Adam Lury’s decision to retire from the ad industry marks the end
of an era.
At the time of HHCL’s ten-year anniversary in 1997, I said that the
agency appeared to have gone through three distinct eras marked by the
apparent ascendancy of one or other of the partners. The early days -
when First Direct, Fuji, Pepe, Mazda, Molson and even early Tango
polarised the ad industry - were the Lury years. At its best, HHCL’s
work was iconoclastic and refreshingly untrammelled by the clutter of
what ads ’were supposed to be like’. At its worst, HHCL’s advertising
was gimmicky and strategy-heavy. You could see Lury’s workings out. This
applied particularly when the ads were not honeyed by comedy. The UK ad
industry had never seen anything like it.
Slowly, almost imperceptibly, HHCL came to be accepted. Campaigns such
as Tango, Maxell, R. White’s, Danepak, Pot Noodle and Mercury’s ’Harry
Enfield’ marked out the Steve Henry (and oft-overlooked Axel Chaldecott)
era. Humour was the honey. My favourite is the under-rated and unfunny
AA ’fourth emergency service’ work - as brilliant a piece of corporate
repositioning as there has been in the 90s.
HHCL was never liked. This is partly down to the endless PR offensive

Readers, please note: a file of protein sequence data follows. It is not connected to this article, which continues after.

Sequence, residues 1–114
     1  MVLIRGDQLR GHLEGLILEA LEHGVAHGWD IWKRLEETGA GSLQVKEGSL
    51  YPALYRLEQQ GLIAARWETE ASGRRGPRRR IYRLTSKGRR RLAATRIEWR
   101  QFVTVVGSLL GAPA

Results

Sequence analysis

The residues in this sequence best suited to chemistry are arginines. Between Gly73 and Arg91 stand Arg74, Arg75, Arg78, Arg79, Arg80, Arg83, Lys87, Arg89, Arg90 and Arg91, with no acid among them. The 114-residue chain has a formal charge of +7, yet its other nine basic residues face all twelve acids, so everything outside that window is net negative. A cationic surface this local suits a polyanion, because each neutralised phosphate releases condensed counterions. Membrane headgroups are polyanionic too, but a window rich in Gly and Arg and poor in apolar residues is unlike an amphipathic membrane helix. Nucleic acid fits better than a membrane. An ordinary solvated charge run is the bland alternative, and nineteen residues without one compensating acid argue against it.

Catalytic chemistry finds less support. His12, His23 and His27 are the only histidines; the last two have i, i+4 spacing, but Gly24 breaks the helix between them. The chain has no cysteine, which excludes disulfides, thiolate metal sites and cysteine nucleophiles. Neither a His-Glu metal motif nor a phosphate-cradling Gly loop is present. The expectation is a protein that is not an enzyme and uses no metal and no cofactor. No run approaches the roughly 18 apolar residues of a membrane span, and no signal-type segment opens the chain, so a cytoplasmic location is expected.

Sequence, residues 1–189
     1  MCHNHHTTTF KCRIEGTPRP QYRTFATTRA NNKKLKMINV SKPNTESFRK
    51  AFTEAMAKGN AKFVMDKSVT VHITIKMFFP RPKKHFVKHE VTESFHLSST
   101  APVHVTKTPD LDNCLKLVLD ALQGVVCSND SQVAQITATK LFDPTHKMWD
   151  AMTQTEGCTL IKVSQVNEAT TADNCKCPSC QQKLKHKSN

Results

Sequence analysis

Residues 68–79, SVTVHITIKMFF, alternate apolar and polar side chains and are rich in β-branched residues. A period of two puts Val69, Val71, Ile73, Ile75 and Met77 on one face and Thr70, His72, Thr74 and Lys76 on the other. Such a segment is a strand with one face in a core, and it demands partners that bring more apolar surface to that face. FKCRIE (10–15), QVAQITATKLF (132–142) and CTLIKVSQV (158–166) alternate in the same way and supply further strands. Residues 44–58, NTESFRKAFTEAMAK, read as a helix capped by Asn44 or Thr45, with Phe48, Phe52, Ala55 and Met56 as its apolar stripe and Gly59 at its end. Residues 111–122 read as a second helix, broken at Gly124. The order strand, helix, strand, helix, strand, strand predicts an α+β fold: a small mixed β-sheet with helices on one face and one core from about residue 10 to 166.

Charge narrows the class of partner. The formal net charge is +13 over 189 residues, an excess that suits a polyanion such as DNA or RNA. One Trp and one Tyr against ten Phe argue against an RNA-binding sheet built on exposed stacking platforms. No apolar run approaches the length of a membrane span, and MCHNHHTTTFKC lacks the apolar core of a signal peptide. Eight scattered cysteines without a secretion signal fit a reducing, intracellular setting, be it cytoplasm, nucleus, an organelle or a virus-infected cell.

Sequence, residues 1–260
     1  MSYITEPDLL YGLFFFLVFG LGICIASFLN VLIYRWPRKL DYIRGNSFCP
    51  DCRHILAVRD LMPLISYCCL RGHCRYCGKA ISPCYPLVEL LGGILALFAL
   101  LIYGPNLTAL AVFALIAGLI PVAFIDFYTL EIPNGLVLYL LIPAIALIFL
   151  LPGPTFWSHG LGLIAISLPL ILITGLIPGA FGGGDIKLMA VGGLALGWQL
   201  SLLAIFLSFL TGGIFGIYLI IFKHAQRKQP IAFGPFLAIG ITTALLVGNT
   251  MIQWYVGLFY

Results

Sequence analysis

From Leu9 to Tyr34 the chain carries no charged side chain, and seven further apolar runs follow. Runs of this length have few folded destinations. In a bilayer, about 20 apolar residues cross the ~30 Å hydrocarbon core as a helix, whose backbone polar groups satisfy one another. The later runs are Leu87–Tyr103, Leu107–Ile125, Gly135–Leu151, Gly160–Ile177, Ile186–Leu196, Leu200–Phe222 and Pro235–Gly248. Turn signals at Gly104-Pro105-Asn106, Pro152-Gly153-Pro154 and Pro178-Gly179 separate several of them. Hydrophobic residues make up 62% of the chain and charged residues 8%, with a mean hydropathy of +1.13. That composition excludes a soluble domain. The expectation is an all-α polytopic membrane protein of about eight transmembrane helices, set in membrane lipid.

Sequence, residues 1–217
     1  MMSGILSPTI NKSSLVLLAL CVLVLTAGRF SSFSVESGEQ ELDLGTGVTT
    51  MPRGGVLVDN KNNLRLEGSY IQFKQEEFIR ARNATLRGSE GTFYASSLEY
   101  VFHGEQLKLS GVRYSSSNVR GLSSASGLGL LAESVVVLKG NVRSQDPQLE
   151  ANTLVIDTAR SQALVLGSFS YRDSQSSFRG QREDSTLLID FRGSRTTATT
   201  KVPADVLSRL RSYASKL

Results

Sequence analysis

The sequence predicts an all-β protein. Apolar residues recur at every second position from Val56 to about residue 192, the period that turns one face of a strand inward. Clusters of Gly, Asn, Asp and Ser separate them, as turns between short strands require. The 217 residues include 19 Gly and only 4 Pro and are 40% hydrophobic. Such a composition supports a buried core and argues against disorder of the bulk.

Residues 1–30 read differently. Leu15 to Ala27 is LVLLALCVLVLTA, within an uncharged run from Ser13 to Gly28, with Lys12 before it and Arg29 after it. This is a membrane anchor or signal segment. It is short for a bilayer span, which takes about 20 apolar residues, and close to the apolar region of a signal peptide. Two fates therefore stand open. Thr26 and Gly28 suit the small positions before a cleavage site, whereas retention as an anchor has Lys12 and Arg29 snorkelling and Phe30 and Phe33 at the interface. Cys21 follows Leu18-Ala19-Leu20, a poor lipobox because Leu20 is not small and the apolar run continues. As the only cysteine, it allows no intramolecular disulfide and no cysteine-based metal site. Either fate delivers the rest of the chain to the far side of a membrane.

conducted by the indomitable Rupert Howell, and partly because of a
competitive envy that evoked more malicious gossip about the agency than
any other over the past decade.
It’s an over-simplification, I know, but with the 1994 deal to absorb
key members of IMP, and the launch of Michaelides & Bednash, In Real
Life and the HHCL Brasserie, the agency became Rupert Howell’s. It’s
part of the establishment now, for worse - and better. Howell is the
public face; his appointment as the Institute of Practitioners in
Advertising’s president only serving to underline the turnaround
epitomised by the deal with Tim Bell’s Chime Communications.
During this period, Henry went walkabout and Lury stepped back, working
exclusively through HHCL’s Lury Price Associates consultancy operation.
St Luke’s emerged to steal the young radicals positioning. But in the
last year, post-Blackcurrant Tango ’St George’, Henry has returned with
a bang. The agency’s strategic insights for the likes of Egg and Pearl
Assurance have been as powerful as much of the early work. Notably,
these campaigns have polarised opinion again.
To me, Lury was always the key partner. Politically correct, his
influence pervaded the agency itself. Until the IMP deal, there were
precious few men in grey suits or babes in mini-skirts adorning the
agency reception. It was the agency that was unafraid to come up with
Fuji and Pepe, whatever we thought of them.
Lury himself is one of the more decent and intelligent men in the
business, and genuinely believed advertising could be used as a force
The UK ad industry never totally embraced him, nor did he wish to be so
embraced. But without him, it is a duller place.